The 2007 Dolce is youthfully fruity with layered aromas ranging from fresh-baked lemon bars to honey and caramel. In the mouth, the citrus aromas shift to peach and pineapple flavors. The silky entry evolves into a creamy and coating texture that is rich yet balanced through the finish. Concentrated and fruit-driven, this vintage will reveal additional layers of aroma and flavor along with a perfumed bottle-bouquet in the years to come.
Napa Valley's Dolce Winery is the only winery in North America that is solely devoted to producing a single, late harvest wine. It is one of the few wineries in the world willing to make such a commitment, sharing a common philosophy with the great Sauternes producers of Bordeaux.
Named from the Italian phrase Dolce Far Niente sweet doing nothing Dolce (pronounced dol' chay) began in 1985 as an idea over a glass of Chardonnay at Far Niente. What started as a project to make a tiny quantity of late harvest wine for the personal enjoyment of the owners, has evolved into the most recognizable and highly rated late harvest wine produced in North America.
By its nature, Dolce is a rare wine that cannot be produced every year. Dolce is made when a natural, beneficial mold called botrytis cinerea attacks the grapes on the vine, while evaporating the water content and concentrating the sugars, acids and flavors. The inaugural 1985 vintage yielded only six barrels, and production grew to nine barrels in 1986. The 1987 vintage was not fine enough to be bottled and 1988 was so warm that no botrytis formed and the grapes were never harvested. The 1989 vintage was the first commercial release of Dolce and it was introduced to the market in 1992.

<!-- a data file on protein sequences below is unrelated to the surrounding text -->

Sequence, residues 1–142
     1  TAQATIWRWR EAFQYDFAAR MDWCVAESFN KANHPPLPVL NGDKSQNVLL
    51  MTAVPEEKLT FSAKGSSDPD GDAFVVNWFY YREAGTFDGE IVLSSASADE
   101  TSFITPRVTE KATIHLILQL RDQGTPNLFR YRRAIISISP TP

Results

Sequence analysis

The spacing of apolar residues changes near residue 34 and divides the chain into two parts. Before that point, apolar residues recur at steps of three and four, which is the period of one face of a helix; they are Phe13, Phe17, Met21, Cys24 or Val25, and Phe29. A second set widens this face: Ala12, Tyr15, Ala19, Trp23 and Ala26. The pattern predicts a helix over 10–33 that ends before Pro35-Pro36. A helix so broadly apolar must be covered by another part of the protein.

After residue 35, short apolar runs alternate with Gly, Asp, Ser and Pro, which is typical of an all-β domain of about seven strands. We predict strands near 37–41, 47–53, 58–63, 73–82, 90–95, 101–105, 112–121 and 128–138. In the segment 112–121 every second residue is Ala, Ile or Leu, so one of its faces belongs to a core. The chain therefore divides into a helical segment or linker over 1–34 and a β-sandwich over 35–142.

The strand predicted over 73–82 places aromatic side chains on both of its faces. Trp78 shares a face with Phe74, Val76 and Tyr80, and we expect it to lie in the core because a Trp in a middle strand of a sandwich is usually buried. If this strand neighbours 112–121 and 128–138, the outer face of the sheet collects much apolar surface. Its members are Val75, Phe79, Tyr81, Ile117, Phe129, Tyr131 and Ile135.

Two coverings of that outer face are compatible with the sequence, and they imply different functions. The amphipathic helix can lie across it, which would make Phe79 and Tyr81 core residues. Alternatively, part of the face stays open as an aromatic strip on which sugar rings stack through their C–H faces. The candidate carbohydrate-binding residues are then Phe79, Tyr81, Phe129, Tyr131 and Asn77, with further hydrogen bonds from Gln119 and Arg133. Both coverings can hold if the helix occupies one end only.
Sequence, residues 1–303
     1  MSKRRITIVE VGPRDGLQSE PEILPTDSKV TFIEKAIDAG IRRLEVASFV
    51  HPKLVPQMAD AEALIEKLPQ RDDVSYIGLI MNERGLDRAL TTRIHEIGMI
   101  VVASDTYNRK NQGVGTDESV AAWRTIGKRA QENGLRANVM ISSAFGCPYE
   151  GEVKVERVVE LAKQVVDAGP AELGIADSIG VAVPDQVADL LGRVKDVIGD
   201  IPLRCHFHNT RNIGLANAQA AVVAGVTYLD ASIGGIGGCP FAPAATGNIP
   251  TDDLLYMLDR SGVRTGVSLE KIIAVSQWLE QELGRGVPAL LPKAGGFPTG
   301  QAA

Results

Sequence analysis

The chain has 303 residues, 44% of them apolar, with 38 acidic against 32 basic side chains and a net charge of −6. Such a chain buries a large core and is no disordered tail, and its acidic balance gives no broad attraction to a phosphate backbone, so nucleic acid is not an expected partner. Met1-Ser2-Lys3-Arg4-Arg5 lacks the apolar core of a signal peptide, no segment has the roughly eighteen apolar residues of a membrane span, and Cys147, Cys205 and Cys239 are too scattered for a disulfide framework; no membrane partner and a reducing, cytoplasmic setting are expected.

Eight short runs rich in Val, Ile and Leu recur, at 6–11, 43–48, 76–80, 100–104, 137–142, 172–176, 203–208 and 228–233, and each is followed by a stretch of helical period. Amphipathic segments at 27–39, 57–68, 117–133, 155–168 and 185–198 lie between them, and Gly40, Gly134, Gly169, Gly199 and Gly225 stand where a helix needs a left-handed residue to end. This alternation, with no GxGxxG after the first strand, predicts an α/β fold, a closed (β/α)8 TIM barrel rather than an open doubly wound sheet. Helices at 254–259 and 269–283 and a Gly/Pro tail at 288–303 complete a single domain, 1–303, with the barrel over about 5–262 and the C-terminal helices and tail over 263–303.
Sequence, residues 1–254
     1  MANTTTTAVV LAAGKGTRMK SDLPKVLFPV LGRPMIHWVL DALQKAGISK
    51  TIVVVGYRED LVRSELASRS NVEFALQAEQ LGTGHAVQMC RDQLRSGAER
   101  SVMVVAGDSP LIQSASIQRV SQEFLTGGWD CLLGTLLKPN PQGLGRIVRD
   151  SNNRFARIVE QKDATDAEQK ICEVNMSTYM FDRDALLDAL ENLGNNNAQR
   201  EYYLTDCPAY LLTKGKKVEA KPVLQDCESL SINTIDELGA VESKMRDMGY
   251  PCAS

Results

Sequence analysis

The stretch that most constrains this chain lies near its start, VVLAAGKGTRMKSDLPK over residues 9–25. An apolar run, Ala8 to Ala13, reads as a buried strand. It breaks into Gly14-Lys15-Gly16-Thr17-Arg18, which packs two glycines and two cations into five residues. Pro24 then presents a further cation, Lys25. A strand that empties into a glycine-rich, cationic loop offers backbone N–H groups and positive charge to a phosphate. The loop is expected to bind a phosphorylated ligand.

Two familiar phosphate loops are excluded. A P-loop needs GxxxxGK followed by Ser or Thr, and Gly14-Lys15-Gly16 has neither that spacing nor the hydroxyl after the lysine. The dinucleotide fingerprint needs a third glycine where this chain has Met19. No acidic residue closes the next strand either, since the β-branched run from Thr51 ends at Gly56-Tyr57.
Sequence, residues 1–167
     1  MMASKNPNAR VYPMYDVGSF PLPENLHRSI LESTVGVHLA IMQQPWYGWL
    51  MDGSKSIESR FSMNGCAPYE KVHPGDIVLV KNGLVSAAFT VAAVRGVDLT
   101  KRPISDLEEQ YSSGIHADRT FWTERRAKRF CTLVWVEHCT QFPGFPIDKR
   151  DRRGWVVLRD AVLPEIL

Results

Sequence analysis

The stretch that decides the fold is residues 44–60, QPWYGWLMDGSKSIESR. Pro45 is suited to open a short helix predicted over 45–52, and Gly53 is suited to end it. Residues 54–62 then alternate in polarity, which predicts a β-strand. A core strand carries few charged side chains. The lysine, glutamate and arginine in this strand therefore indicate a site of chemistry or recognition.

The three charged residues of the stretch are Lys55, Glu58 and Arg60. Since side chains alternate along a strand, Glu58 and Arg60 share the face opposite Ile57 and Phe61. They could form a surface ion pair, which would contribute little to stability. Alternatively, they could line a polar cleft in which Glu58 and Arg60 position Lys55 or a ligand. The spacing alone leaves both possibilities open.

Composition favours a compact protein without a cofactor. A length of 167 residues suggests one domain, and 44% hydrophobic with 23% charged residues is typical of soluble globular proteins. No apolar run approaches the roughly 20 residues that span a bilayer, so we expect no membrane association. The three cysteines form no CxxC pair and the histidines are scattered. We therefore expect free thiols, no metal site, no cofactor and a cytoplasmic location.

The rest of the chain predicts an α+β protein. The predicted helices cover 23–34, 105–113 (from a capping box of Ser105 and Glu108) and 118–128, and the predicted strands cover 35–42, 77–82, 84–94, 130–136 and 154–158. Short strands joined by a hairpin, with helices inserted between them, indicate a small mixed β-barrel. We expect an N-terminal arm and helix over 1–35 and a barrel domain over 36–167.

More than a decade after its commercial debut, Dolce has been able to produce wine in every vintage since 1989. The quantity has varied greatly, from as few as 300 cases to as many as 3,000, depending on how much botrytis develops each year. Plans to expand the future production of Dolce are underway. Currently produced from its own 17-acre vineyard in the Coombsville area, east of the city of Napa, another 10 acres were planted in 2001, with a potential first harvest in 2005.